On Your Health

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How Caffeine Affects Your Sleep

Today we have a post from our guest blogger, Alix Benear, who is a registered dietitian. She completed the Coordinated Program of Dietetics at Texas Christian University and her Master of Science from the University of Oklahoma Health Sciences Center.

I get a lot of questions about caffeine intake. Since we're coming to the end of National Sleep Awareness Week, I thought this would be the perfect time to check your caffeine consumption to promote improved sleep.

First though, the medical community is divided on just what health benefits caffeine, and more specifically coffee, does or doesn’t provide. There have been studies that say drinking coffee protects the liver, lowers the risk of type 2 diabetes and possibly acts as a pain reliever. Coffee is also loaded with antioxidants. Others claim that coffee may prevent a gamut of ailments like stroke, depression, gallstones and dementia.

However, what we choose to add to coffee (such as heavy cream and sugar) can just as easily negate the benefits. Not to mention that coffee beans are highly sprayed with pesticides. Then there are the studies that show caffeine has several negative effects on your body, such as increasing your stress hormones and gut irritation. Finally, if you drink caffeine but what your body really needs is rest and recovery, you might be putting yourself at risk for health hypertension, metabolic syndrome, sleep deprivation and immune system impairment.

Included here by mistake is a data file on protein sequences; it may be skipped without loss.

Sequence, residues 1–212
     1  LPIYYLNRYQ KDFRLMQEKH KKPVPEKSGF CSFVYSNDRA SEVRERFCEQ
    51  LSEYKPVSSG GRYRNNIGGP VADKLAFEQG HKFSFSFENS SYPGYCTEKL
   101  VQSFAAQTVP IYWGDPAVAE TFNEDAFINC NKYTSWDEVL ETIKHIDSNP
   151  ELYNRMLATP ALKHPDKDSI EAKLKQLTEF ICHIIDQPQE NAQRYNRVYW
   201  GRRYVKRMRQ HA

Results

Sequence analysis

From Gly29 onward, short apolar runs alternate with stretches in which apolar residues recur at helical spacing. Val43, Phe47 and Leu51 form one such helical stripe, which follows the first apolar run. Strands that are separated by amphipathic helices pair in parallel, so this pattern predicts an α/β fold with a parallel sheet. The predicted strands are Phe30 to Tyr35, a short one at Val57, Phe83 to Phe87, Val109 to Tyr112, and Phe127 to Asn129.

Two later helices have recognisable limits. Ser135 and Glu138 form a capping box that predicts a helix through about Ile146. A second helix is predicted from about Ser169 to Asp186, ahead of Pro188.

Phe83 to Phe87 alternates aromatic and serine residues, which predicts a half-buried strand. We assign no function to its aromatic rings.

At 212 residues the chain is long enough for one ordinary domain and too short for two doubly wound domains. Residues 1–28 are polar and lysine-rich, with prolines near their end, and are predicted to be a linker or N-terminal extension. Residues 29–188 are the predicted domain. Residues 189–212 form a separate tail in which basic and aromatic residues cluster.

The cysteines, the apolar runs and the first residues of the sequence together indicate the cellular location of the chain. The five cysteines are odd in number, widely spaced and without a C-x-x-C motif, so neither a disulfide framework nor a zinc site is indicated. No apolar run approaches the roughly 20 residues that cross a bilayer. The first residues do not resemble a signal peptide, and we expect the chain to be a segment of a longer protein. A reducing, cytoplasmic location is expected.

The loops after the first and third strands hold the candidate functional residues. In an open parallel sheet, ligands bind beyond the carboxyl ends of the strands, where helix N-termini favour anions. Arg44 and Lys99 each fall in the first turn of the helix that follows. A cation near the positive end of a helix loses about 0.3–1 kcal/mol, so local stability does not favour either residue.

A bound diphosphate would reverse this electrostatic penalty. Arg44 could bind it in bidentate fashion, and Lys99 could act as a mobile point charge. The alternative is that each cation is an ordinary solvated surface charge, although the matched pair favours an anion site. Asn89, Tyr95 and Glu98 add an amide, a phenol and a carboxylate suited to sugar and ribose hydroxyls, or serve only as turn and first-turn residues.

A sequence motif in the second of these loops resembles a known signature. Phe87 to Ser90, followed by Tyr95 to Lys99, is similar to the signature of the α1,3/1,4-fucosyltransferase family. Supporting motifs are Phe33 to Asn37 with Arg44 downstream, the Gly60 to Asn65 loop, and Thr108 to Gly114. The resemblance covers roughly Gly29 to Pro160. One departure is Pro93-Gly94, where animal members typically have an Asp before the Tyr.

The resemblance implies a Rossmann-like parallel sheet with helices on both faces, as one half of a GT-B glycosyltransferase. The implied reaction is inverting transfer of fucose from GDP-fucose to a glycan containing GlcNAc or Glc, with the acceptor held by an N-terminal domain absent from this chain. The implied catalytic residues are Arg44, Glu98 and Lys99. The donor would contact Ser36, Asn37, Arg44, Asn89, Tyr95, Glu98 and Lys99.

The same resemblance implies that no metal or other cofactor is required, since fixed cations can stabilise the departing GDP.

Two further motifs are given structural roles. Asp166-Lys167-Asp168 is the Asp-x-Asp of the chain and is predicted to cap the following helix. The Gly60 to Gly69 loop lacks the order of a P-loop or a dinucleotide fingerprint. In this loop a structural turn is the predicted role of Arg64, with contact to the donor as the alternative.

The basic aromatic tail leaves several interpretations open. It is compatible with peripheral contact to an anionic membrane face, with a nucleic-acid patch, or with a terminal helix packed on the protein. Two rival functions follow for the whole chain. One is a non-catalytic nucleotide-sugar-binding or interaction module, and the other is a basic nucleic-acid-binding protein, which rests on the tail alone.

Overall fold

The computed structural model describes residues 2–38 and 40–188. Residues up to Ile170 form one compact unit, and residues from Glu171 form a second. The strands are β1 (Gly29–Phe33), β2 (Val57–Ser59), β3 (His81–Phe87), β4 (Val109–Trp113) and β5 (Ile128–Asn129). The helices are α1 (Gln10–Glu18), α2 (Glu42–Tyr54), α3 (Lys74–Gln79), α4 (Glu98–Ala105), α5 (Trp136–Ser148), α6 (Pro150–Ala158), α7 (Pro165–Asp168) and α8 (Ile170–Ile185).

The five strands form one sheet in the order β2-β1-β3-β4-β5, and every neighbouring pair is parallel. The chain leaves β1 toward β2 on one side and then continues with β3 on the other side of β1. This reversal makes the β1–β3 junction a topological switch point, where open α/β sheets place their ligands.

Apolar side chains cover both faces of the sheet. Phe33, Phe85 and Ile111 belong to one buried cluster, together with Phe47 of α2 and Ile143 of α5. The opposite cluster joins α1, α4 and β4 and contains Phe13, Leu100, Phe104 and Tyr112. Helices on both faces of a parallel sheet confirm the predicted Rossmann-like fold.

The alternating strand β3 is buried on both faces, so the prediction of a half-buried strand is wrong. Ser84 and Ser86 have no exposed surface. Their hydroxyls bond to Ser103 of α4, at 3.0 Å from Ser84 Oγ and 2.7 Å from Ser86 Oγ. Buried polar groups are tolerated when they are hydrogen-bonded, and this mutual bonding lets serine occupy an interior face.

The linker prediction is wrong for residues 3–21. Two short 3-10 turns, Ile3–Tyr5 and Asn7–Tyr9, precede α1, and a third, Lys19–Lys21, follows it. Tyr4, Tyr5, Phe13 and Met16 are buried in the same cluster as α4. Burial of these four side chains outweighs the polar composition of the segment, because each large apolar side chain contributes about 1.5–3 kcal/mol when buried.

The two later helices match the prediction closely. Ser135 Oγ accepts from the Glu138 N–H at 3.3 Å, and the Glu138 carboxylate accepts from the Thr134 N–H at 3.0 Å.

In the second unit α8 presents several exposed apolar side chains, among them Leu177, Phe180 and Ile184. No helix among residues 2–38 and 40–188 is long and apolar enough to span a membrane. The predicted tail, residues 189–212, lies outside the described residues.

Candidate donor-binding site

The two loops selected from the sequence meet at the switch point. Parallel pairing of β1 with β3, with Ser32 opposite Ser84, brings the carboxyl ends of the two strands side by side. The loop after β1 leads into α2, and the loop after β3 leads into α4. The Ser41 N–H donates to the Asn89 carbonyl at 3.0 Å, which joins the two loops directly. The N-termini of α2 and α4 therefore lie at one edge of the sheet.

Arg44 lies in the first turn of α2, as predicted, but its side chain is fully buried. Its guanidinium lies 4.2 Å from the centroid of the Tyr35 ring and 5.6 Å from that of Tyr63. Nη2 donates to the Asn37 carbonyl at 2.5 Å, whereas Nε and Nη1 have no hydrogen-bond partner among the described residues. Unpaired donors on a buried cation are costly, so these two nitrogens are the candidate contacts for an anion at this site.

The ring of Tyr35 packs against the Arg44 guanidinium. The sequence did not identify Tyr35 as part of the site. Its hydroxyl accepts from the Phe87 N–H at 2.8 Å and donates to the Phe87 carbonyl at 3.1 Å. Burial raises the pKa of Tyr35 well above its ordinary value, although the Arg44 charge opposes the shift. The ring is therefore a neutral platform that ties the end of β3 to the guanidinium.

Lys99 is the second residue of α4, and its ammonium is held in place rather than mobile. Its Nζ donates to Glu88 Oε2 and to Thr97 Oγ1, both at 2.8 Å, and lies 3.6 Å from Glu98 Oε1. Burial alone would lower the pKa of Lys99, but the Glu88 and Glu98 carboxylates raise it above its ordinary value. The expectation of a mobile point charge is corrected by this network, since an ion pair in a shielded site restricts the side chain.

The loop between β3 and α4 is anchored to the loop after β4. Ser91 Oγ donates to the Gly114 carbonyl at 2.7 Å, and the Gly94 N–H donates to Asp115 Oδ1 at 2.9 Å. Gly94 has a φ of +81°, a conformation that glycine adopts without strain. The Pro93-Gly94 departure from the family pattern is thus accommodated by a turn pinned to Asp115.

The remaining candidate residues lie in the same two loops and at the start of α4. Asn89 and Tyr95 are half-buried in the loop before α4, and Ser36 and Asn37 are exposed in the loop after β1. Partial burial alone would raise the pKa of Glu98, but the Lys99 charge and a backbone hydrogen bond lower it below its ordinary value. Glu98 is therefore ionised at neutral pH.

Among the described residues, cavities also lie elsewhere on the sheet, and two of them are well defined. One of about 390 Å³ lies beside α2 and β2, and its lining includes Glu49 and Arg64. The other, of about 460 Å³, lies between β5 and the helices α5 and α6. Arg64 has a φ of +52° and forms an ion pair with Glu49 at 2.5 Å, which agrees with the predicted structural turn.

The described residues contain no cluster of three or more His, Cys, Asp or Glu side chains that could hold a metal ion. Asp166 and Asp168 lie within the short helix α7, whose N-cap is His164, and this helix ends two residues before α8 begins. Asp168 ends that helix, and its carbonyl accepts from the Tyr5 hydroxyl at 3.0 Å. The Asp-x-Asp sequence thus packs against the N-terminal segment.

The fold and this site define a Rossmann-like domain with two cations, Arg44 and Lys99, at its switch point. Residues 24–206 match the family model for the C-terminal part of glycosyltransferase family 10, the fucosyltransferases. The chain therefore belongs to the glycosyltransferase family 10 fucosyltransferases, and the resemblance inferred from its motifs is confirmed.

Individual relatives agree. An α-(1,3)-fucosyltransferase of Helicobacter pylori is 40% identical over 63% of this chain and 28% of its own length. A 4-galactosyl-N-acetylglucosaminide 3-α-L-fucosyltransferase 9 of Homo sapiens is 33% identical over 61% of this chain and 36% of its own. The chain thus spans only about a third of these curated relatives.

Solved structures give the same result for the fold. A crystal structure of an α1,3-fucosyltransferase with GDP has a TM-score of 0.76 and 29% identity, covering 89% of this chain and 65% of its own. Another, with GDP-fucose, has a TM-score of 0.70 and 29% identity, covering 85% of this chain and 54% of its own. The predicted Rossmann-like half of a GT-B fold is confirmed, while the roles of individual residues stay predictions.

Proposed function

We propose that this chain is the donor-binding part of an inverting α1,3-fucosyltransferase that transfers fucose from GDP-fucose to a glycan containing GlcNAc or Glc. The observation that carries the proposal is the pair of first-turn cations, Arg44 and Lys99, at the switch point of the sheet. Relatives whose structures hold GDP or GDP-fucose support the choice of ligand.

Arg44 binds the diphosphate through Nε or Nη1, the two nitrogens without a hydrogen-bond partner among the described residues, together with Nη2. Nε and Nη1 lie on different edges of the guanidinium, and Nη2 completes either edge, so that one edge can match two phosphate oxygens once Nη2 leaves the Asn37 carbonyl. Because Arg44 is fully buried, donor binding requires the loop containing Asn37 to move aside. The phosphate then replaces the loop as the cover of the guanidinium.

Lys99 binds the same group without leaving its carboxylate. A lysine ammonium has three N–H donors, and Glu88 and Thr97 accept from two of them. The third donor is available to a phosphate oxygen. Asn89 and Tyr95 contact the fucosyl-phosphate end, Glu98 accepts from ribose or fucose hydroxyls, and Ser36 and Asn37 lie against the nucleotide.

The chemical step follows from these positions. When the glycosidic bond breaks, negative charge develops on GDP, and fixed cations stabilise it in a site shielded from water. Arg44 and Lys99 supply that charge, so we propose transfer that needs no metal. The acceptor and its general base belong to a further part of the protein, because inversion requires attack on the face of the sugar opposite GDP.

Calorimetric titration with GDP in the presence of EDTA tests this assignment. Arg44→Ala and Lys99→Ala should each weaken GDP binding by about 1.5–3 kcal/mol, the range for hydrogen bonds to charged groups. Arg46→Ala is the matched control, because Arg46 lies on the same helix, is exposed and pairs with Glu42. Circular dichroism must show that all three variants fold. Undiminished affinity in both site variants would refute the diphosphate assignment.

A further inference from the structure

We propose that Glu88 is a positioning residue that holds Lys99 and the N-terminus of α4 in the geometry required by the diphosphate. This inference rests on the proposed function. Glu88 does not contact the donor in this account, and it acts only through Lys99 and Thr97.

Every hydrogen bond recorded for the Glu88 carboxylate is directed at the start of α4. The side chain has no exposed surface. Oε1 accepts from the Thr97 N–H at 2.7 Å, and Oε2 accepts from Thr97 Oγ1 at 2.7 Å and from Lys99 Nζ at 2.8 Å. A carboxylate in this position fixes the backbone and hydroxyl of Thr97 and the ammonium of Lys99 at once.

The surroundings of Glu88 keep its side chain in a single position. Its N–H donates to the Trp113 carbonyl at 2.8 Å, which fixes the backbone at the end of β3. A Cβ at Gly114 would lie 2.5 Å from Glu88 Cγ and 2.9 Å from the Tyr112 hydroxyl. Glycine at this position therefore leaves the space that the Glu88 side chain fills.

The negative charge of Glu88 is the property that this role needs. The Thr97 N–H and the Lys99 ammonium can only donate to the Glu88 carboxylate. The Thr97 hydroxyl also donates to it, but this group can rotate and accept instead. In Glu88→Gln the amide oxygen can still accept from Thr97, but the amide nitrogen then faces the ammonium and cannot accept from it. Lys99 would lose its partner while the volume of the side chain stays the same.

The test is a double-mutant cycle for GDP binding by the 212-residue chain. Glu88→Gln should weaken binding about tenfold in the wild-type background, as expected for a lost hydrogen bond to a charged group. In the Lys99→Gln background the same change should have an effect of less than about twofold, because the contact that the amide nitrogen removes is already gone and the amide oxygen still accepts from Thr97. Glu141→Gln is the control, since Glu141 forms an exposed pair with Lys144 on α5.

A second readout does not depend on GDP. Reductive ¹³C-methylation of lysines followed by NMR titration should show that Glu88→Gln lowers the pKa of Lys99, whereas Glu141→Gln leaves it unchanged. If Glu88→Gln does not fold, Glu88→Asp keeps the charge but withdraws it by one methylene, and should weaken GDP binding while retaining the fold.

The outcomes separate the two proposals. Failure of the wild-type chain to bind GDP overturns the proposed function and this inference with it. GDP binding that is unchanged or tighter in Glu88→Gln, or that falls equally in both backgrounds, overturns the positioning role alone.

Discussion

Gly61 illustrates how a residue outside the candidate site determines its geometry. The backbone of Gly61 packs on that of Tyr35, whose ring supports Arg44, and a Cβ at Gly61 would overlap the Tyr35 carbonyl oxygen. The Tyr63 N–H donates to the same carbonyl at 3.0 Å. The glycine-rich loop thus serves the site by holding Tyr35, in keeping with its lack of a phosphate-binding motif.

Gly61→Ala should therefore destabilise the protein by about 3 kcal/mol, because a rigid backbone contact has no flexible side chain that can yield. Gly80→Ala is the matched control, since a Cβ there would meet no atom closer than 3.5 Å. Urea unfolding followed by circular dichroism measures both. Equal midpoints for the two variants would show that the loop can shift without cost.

So, I'll leave the topic of whether or not caffeine is good for you for another day and another blog post! As for caffeine and healthy sleep, caffeine is most definitely a real drug that has the potential to keep you awake. If you are suffering from insomnia, caffeine could be the culprit.

Caffeine is a stimulant that affects the central nervous system and is often associated with increased alertness. It is found in a variety of beverages like coffee, tea, soda and energy drinks. Don't forget, it's also found in chocolate and some chewing gum.

The 2015 Dietary Guidelines encourage consumers to limit consumption to 400 milligrams of caffeine or less each day. This is about 3 to 5 cups of coffee per day, depending on how strong you brew your java. If you notice caffeine negatively affects your sleep, or leaves you feeling jittery,  you should consider consuming even less.

Another thing we know about caffeine: it is addictive. Decreasing consumption may lead to withdrawals that include headache, lethargy and irritability. Here are a few tips to avoid the brunt of these side effects.

  • Slowly decrease your intake. Cut one cup of coffee or soda out of your daily intake each week, until your intake is within recommended limits or you are no longer affected by negative side effects.
  • Drink lots of water. Filtered is best.
  • Switch to decaf. Try replacing caffeinated beverages with its decaffeinated counterpart.
  • Stop drinking caffeine by 2pm each day. This will limit overall intake and should promote improved sleep.
  • Take 1,000 mg buffered vitamin C with breakfast and dinner.
  • Make sure you exercise daily to help fight off fatigue. Even 30 minute of walking is good.
  • Drink 1 to 3 cups of green tea every day.  The small amount of caffeine won’t hurt and the antioxidants will heal.